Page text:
EAU CLAIRE, Wis (WEAU)--These days it's hard to find someone not on Facebook. In the last few years social media has exploded! But if you're a parent keeping up with social trends, and your kids "friends" on Facebook, that doesn't mean you’re seeing the whole picture.
Newer sites and apps offer teens endless options to interact online, and then hide their experiences. So how do you monitor it? And can you?
Meet the Fentress’s, Emma, Jack, and Becca love music, sports and staying connected.
I have a folder on my iPod that has Facebook, Skype, Instagram, Snapchat. I Snapchat almost all the time,” Emma Fentress, 13 said.
"I Snapchat not as much as Emma," Jack Fentress, 12 said.
9-year-old Becca can't wait to set up her first profile. “Some of my friends have Snapchat or Instagram I want them but I know I shouldn't have them, Becca said.
When it comes to social media, Facebook is like a high school football game, a parent approved activity with plenty of adults watching. But it's the newer sites like Snapchat, Kik, Facebook Poke and Instagram that are popular underneath the bleachers.
"We are learning along as parents just as much as the kids are," Holly Fentress said.
Holly says as a business owner she considers herself tech savvy but with three kids and just as many devices it’s impossible to monitor everything.
"I normally keep track of it with my daughter or my son telling me what’s new," Holly said.
According to the Federal Trade Commission, there are more than 800,000 apps through iTunes and hundreds of thousands more on Google Play.
New apps are pop up every day but with that, new risks pop up too. Kids are talking with friends, but also sharing pictures and videos. With apps like Snapchat and Facebook Poke the pictures you share disappear in as little as one to ten seconds.
"It could be as simple as taking a picture of themselves with their tongue sticking out and sending it to their friends just as a note to say that ‘I'm thinking of you’ and they laugh and then it’s gone and it’s kind of a fun thing," Social Media Researcher Justin Patchin said.
Patchin says there is a serious side too. He says some kids can use the disappearing features to bully or to even send naked pictures.
Patchin says it's not just your child’s pictures you have to think about.
Take Instagram, you take a photo and can digitally enhance it and share it on Facebook or Twitter. You can also like other people's photos even strangers and share them too.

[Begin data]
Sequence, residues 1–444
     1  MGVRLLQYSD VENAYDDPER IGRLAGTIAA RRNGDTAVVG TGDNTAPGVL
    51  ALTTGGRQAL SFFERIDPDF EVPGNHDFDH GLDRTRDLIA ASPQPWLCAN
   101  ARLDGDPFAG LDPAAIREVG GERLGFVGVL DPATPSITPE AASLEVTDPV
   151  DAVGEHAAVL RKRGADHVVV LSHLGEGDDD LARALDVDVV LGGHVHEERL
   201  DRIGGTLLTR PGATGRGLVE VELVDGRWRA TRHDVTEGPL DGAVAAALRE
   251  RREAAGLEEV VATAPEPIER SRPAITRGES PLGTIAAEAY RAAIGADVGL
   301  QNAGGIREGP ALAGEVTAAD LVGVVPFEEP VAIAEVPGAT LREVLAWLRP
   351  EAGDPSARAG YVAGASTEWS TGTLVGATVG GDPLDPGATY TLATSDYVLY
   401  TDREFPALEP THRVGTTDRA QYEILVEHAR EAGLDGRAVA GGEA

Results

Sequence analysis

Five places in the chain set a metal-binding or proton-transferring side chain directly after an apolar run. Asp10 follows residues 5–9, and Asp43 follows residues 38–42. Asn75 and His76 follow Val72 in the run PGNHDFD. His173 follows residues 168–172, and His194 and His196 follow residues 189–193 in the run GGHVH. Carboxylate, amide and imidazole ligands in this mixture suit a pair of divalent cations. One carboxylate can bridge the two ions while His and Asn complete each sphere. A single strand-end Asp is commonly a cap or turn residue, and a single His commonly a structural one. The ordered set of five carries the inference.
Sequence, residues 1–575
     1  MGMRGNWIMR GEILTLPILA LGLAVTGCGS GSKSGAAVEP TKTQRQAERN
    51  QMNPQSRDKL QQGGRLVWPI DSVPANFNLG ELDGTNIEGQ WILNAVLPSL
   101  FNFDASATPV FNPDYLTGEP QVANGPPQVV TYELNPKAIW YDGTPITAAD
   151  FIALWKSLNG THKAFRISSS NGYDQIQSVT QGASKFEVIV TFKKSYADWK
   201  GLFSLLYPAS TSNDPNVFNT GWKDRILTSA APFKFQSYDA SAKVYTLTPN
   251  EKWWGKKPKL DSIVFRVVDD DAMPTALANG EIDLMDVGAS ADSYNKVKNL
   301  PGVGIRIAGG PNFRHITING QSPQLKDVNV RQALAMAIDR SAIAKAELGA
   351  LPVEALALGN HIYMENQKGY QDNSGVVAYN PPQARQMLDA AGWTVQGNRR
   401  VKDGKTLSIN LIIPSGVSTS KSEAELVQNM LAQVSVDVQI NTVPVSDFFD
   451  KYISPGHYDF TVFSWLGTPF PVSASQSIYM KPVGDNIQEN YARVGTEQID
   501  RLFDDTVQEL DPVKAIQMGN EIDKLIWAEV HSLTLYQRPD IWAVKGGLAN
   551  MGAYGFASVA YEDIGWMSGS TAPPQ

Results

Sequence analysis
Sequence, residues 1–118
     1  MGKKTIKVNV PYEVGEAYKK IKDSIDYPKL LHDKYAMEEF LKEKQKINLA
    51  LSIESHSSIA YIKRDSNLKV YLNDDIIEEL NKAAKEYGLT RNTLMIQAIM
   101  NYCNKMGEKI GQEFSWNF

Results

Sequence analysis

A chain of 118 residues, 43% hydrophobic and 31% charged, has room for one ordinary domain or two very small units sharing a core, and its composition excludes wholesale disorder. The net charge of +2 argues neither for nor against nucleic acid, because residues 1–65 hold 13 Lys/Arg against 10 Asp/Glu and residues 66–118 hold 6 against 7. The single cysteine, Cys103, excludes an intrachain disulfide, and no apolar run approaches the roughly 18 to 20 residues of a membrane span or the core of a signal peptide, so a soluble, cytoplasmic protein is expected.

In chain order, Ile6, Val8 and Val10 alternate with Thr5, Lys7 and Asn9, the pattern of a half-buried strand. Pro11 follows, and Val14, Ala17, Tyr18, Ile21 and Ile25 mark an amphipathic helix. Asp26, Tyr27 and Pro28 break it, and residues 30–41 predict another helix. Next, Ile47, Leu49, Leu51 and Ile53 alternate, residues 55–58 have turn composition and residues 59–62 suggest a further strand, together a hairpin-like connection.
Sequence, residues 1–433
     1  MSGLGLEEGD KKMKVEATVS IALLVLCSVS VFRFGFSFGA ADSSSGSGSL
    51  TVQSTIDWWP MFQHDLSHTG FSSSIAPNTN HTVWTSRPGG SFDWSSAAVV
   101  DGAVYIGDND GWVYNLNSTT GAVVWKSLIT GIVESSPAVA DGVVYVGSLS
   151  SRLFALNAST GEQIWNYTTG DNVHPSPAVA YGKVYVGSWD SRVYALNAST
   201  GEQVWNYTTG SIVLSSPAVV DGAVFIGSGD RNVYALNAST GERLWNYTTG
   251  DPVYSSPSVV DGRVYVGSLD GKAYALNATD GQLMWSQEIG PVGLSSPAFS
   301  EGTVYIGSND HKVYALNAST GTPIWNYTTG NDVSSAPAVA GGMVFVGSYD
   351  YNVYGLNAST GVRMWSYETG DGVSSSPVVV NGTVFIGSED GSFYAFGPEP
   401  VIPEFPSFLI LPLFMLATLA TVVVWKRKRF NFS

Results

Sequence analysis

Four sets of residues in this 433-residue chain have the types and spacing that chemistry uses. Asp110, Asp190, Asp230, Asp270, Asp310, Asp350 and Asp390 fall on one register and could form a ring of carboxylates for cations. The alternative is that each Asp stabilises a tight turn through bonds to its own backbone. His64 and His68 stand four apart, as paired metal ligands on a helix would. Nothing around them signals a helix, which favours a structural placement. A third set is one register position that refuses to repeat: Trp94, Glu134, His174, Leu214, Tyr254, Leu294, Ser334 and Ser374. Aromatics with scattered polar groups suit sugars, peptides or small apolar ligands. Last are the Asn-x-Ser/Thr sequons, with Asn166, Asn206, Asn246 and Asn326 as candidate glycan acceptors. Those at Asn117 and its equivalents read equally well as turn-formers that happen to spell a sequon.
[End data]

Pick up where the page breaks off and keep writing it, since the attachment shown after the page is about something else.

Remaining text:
"You have to always understand that whatever you send could end up in the wrong person’s hands," Patchin said.
While he says there are cases where the apps are abused for the most part parents can relax.
"The research has shown, that at least preliminarily, teens are using these things just to have fun and I think they are learning that if they send something inappropriate eventually it is going to come back and haunt them," Patchin said.
Emma says she uses Snapchat to show friends what she's up too.
“I'll send group messages and you can send videos you can show them instead of having to explain how funny it is,” Emma said.
Holly says she trusts her daughter but learning about apps like Snapchat makes her uneasy.
"She called me over and said ‘hey mom look at this’ and I was busy doing work on the computer and by the time I looked up it was gone and that was the first time that I realized that pictures were on and off and she had been doing it for a couple of weeks. So you have to be really smart in asking what does this do," Holly said.
That's where Patchin says sitting down with your kids for a 'tech talk' can help.
"It really is impossible to keep track of the individual sites. That’s why parents really need to educate their kids in terms of general online responsibility," Patchin said.
Like parenting, there is no rule book for social media.
"As a parent it’s their decision when it’s appropriate based on a lot of different factors. Some 10 year olds might be mature enough to handle it while some 16 year olds may not," Patchin said.
Patchin says 13 is a good age to let your child start social networking. For younger kids Patchin recommends parents set up a profile for their kids to use, so parents can control who the child interacts with.
"As adults we need to model examples of how to interact appropriately online," Patchin said.
"We can help our kids but other parents don't always monitor it and even though we do monitor it we don't always knowing what they are doing," Holly said.
But if you talk to your kids, you may find they’ll listen.
“If I do post I think is it informative, helpful, or funny," Jack said.
“I don't want to do anything that makes me uncomfortable or would make my parents respect me less or my decisions,” Emma said.